When you show a 3D printed product to someone who has not seen a 3D printed piece before, there is significant chance that the conversation will be about the material. And that is not surprising. 3D printed pieces look rough, show “printing lines”, and feel different than regular materials.
For purely functional pieces that is not an issue. But often the aesthetic component is as important as the functional component of a product.
It is not so much about the capabilities of what can come out of 3D printer. It has been proven that a lot of things can be 3D printed. But is the material of the right type to be acceptable for a particular use case.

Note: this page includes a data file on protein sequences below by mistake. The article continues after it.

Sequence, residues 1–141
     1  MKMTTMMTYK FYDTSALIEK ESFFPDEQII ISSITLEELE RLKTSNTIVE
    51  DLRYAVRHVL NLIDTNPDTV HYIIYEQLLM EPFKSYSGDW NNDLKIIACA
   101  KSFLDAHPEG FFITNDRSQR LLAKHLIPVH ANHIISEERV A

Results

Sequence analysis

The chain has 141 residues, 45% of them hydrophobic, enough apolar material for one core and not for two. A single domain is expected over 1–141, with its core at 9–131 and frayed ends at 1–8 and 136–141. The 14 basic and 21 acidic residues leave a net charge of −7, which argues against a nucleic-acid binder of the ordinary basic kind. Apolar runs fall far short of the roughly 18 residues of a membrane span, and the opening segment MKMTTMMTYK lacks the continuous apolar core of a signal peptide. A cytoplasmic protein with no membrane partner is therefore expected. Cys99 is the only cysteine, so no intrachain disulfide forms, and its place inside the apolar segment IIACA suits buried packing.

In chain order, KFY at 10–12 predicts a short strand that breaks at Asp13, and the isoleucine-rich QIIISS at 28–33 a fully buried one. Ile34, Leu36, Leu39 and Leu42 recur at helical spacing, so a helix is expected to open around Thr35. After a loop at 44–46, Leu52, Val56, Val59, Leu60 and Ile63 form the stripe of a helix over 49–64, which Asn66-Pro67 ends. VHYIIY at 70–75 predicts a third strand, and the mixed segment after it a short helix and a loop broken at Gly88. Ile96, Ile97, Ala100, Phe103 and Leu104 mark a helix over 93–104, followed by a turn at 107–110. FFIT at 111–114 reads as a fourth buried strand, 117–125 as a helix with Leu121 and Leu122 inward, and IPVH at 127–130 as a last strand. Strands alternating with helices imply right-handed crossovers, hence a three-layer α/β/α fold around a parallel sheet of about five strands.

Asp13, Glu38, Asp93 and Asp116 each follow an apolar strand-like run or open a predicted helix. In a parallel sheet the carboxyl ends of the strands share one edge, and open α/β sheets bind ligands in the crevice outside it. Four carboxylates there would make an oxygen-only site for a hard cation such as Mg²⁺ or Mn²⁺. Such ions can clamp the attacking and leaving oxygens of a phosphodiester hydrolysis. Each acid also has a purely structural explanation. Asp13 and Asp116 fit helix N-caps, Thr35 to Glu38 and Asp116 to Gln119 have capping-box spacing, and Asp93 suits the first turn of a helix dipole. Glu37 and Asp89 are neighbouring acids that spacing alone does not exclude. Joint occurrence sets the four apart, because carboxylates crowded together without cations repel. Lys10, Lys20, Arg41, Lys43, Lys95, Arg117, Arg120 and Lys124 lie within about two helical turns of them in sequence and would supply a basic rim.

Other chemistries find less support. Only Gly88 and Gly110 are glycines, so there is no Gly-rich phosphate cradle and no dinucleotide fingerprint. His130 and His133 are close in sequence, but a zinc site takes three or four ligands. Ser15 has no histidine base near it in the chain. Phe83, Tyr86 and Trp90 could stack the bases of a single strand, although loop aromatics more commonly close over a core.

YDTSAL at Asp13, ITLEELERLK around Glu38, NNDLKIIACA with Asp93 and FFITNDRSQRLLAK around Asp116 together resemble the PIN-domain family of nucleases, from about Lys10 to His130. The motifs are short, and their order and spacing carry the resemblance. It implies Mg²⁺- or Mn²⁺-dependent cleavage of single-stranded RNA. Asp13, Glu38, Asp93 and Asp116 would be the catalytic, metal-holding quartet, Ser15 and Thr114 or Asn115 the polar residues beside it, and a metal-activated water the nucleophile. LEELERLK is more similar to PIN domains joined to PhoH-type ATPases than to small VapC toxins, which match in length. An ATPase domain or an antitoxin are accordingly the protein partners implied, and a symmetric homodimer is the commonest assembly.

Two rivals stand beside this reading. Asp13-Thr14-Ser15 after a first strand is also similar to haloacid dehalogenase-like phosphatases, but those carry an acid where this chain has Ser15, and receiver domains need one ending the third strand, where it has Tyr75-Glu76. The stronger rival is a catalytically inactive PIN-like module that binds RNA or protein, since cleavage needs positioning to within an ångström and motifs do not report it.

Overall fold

Does it have the right weight?
Does it have the right feel?
Does it have the right texture?
We can wait until 3D printing processes improve with new materials and new deposition methods to overcome the quirky aesthetic. But at the same time, there are real options out there to apply existing finishing options to 3D printed pieces.
The challenge is that many of the post-finishing processes are geared towards mass-production of products. And this does not apply to 3D printing. I have this beautiful vapor-smoothed FDM printed bowl. It is gorgeous but the process never made it to mass 3D printing because it was too cumbersome to scale. The interesting aspect of it though is that whenever I show it someone nobody asks about the material anymore.
I see many companies struggling with the concept of bring 3D printed parts to live with post-finishing. It brings a whole new level of complexity. And it needs more attention.